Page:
The Financial Stability Oversight Council (sometimes referred to as FSOC) convened its first “Official” meeting on October 1, 2010. There’s no lack of political maneuvering behind the scenes. Despite the congressional scuttlebutt, the Council appeared to have a focused, energized agenda. It passed resolutions during its meeting concerning a variety of important steps to fulfill its mandate of identifying threats to the stability of our nation’s financial system.
Subject matter resolutions adopted by the Council are noted below. Further information and pertinent documents about the below subjects may be located here. The council passed the following resolutions:
1. Organizational Bylaws for the Council – The bylaws appear standard but there are some open positions to be filled and a budget needs to be established.
2. Transparency Policy for the Council – A policy to engage stakeholders in an open process based on transparency and accountability. Meetings will be open to the press and public via a live web stream except when confidential or sensitive information will be discussed or disclosed. Meeting agenda and minutes (potentially redacted) will be made public.
3. Supervision and regulation of Nonbank Financial Companies – Advanced Notice of Proposed Rulemaking – A series of Questions to identify public comment about the designation of nonbank financial companies for heightened supervision. This is the first step in the Council’s process to bring certain nonbank financial companies under the supervision of the Federal Reserve Board. The basic factors for designation will be the Council’s determination that material financial distress of such a firm, or the nature, scope, size, scale, concentration, interconnectedness, or mix of the activities of the firm could pose a threat to the financed stability of the United States.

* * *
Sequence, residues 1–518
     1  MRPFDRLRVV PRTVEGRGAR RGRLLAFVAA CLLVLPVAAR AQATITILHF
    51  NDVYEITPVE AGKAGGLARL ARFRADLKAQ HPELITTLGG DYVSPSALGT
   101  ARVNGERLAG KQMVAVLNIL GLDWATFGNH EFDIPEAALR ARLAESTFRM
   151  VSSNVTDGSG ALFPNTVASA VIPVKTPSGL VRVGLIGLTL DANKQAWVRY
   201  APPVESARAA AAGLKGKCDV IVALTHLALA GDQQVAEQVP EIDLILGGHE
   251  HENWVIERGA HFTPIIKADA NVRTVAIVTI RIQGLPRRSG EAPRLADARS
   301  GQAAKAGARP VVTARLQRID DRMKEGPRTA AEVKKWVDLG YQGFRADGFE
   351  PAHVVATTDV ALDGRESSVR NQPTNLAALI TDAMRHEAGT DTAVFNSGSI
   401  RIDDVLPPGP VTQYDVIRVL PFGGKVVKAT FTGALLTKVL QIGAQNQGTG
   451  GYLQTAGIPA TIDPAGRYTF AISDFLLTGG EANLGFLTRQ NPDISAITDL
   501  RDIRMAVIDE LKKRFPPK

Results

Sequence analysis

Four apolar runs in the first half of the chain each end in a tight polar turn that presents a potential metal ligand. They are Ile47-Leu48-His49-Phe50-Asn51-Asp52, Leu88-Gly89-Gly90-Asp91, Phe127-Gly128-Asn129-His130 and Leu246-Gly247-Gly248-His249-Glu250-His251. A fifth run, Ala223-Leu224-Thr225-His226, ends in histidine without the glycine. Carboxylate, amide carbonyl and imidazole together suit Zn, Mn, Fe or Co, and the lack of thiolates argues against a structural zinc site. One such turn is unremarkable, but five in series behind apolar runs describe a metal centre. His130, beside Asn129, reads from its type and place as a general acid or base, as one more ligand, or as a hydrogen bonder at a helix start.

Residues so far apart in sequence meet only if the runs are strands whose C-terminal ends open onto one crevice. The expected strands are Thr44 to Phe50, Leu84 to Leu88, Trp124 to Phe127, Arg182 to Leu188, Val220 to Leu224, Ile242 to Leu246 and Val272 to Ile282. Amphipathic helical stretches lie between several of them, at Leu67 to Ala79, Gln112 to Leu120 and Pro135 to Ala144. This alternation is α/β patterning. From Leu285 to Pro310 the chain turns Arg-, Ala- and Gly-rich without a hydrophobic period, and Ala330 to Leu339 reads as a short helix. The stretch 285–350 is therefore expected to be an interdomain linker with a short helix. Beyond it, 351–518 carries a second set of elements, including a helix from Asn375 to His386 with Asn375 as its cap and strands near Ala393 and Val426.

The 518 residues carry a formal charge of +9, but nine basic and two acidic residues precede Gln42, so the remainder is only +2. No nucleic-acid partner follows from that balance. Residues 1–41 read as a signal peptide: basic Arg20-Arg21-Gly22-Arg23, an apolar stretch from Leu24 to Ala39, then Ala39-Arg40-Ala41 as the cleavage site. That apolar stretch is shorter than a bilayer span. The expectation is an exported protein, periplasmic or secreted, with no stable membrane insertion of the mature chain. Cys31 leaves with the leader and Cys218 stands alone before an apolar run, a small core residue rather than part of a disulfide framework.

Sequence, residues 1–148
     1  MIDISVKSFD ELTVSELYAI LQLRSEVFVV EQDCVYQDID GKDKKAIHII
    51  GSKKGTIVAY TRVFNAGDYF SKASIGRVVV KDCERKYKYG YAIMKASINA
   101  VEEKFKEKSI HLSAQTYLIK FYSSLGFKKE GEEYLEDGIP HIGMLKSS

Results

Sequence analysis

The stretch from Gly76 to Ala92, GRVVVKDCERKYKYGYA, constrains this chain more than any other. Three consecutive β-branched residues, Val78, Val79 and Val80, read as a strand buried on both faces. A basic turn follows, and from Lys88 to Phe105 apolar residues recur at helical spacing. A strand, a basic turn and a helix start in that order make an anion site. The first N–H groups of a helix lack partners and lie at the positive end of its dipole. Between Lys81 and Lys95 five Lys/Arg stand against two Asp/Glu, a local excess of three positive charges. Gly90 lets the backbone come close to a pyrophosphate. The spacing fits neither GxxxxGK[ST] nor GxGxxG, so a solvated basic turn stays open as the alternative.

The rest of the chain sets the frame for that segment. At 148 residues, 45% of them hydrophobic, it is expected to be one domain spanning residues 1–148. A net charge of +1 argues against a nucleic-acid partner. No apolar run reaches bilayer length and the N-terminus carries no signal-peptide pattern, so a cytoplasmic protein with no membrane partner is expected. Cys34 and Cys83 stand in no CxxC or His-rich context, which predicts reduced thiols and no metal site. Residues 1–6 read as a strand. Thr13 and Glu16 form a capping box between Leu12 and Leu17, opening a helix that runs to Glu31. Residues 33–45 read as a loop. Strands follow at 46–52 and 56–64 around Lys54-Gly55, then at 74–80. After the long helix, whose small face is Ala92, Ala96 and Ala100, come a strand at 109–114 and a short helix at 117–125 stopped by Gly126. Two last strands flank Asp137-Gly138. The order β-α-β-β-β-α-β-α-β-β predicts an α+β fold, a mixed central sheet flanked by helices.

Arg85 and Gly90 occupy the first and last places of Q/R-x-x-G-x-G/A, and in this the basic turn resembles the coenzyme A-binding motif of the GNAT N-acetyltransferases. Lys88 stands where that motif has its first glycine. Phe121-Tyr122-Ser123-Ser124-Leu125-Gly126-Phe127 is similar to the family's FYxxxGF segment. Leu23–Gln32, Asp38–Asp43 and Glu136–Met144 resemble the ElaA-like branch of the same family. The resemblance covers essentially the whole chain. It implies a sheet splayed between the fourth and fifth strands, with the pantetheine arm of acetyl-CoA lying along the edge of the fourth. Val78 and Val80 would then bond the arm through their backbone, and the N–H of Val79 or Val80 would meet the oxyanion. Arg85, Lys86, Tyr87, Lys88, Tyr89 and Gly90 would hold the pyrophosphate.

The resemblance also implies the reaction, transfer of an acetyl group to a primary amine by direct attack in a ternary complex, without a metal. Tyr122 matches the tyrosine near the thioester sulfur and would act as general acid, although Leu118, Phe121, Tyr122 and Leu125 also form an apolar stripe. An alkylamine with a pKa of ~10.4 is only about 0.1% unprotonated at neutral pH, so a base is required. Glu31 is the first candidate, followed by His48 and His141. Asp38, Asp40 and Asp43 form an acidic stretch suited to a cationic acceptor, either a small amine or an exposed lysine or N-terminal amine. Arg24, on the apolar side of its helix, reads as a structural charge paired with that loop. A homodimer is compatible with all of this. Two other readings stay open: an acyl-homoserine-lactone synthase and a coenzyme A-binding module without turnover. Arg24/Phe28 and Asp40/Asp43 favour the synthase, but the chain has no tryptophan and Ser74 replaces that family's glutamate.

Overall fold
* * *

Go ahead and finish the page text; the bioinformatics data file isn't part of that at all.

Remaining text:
4. Implementation of the Volcker Rule – A notice and request for information concerning matters involving the “Volcker Rule”, the prohibition, on banks engaging in proprietary trading and from maintaining certain relationships with hedge funds and private equity funds. The Council is seeking comments on implementing these provisions. Comments are due November 5, 2010.
5. Integrated Implementation Roadmap – Coordinated timeline to implement Dodd-Frank by the Council and its member agencies. The roadmap provides a concise summary of the dates targeted for accomplishing certain objectives.
We will write as the Council moves forward.